previous next

DXL (F XV, 17)

YOU have most unreasonable letter-carriers, though I am not personally angry with them. But, after all, when they are leaving me they demand a letter, when they come to me they bring none. And even as to the former, they would have consulted my convenience better if they had given me some interval for writing; but they come to me with their travelling caps on, declaring that their company is waiting for them at the city gate. Therefore you must pardon me: you shall have here another short note, but expect full details presently. Yet why should I apologize to you, when your men come to me with empty hands and return to you with letters. Here—for after all I will write something to you—we have the death of P. Sulla 1 the elder: according to some from an attack of footpads, according to others from an attack of indigestion. The people don't trouble themselves, for they are assured that he is dead and burnt. Your philosophy will enable you to bear this; though we have lost a well-known "feature of the city." People think that Caesar will be vexed for fear of his auctions becoming flat. Mindius Marcellus 2 and Attius the paintseller are delighted at having lost a rival bidder.

There is no news from Spain, and a very great anxiety for some: the rumours are rather gloomy, but are not authenticated. Our friend Pansa left town in military array 3 on the 29th of December. It is enough to convince anyone of what you have recently begun to doubt, that "the good is desirable for its own sake." 4 For because he has relieved many of their misfortunes, and has shewn humanity in these evil times, he was attended by an extraordinary display of affection on the part of good men. I very much approve of your having stayed on at Brundisium, and I am very glad you have done so, and, by Hercules, I think that you will act wisely if you don't trouble yourself about vain things. 5 Certainly I, who love you, shall be glad if it is so. And pray, next time you are sending a packet home, don't forget me. I will never allow anyone, if I know it, to go to you without a letter from me.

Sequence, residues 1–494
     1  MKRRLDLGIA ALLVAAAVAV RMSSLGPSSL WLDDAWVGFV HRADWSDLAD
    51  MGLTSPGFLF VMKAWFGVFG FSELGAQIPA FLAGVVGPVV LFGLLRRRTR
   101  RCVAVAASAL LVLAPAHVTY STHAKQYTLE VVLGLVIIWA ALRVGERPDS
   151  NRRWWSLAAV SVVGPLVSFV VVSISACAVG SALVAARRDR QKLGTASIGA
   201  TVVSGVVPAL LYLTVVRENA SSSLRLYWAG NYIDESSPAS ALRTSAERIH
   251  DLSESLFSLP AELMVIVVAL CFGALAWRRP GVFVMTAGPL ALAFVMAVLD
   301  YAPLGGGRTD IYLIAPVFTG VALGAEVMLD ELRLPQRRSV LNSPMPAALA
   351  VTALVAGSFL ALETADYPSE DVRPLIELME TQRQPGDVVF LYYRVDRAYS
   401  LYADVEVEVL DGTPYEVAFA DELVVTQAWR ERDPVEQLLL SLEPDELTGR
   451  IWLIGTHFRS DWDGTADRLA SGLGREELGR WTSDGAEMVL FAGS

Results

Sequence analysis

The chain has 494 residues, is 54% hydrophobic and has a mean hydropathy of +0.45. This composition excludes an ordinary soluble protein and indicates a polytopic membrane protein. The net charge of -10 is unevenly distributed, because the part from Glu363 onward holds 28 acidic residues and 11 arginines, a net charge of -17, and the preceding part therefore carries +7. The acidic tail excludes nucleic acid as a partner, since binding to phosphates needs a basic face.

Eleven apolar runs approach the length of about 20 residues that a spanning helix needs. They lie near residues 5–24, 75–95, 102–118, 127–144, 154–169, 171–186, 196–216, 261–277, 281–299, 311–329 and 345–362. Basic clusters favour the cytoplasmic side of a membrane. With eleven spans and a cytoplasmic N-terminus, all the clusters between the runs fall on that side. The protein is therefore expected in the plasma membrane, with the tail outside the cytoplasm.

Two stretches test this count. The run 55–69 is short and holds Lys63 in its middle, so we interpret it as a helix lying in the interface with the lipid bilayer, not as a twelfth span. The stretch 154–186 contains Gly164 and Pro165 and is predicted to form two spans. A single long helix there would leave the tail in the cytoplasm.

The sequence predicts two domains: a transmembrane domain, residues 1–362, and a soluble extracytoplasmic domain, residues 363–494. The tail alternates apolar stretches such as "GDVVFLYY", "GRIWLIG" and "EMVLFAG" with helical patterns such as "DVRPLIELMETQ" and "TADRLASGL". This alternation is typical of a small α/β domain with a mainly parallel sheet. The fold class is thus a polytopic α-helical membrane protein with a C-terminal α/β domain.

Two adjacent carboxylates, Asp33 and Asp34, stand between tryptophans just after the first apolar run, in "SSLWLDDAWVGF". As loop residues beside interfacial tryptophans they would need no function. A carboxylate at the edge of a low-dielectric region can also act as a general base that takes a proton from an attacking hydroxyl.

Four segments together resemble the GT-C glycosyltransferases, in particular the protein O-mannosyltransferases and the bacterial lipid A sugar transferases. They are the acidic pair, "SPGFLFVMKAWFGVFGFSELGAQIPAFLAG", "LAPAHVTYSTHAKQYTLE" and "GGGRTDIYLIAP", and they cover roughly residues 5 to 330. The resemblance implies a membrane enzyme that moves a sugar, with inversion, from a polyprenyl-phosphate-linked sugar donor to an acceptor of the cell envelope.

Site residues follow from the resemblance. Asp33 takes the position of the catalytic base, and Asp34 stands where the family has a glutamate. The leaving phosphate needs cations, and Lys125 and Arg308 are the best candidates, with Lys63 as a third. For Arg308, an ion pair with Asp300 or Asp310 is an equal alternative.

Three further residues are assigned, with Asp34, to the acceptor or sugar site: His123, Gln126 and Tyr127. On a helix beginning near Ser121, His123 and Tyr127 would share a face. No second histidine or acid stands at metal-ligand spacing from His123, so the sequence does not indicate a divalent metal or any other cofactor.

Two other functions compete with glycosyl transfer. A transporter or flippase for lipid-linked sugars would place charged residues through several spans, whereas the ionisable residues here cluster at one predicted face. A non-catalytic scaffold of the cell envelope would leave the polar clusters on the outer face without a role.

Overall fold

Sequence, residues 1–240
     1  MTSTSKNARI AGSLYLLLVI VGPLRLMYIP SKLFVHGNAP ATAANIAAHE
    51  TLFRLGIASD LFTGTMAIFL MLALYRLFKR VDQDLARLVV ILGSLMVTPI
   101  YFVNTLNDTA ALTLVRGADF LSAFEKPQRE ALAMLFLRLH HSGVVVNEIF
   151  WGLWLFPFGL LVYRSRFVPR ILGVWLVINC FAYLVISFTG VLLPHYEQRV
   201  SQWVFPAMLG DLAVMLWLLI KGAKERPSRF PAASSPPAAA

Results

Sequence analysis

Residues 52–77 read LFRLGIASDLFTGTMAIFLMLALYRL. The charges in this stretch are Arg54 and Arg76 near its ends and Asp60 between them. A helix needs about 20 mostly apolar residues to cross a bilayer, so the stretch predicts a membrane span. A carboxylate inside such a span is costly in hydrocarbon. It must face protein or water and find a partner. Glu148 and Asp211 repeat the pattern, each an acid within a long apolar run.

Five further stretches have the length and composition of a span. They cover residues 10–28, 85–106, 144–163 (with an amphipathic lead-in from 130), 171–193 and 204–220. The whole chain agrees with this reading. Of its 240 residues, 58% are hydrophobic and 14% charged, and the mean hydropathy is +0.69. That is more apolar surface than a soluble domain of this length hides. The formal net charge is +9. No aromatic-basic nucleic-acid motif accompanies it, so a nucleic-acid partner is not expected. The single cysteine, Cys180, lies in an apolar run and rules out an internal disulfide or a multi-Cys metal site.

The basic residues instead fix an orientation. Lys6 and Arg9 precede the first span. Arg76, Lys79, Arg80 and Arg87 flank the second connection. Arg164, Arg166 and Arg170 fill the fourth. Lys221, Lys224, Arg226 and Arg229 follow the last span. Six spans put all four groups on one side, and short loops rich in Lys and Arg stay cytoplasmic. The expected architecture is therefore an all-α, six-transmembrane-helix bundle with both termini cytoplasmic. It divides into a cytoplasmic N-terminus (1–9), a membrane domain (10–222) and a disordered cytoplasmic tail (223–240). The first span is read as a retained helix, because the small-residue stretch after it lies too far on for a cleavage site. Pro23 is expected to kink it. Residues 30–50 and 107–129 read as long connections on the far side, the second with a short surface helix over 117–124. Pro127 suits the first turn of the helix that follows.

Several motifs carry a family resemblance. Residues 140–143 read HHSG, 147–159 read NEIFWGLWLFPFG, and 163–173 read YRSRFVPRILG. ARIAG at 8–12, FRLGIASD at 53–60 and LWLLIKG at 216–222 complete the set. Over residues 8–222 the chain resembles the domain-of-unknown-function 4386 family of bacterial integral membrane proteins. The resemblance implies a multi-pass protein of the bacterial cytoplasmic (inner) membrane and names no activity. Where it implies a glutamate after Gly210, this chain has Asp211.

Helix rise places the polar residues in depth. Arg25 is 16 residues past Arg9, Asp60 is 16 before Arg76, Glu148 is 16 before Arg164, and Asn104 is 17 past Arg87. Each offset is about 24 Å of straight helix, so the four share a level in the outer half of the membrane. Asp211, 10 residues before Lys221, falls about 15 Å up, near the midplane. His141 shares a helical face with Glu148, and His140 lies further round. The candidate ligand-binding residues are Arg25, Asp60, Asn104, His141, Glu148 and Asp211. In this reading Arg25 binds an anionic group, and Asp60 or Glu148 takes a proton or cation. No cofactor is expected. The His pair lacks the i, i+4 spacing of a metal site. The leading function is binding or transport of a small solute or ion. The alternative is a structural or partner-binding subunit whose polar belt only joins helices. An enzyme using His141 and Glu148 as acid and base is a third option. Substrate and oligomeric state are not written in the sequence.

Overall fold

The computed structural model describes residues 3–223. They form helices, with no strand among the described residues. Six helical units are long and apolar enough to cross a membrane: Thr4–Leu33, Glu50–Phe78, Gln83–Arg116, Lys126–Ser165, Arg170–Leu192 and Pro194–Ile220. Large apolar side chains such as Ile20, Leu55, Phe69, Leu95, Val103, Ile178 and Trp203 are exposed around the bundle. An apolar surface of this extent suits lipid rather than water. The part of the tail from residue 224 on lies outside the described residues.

1 See p. 185.

2 Madvig conjectures macellarius, "victualler,"to correspond with the trade of Attius. But it is not necessary.

3 As proconsul of Gallia Cisalpina. See p.201.

4 The Stoic doctrine, which Cassius had abandoned for Epicurism. See p. 175.

5 ἀταραξίαν, apparently a Stoic word.

Creative Commons License
This work is licensed under a Creative Commons Attribution-ShareAlike 3.0 United States License.

An XML version of this text is available for download, with the additional restriction that you offer Perseus any modifications you make. Perseus provides credit for all accepted changes, storing new additions in a versioning system.

load focus Notes (Frank Frost Abbott, 1909)
load focus Latin (L. C. Purser)
hide Display Preferences
Greek Display:
Arabic Display:
View by Default:
Browse Bar: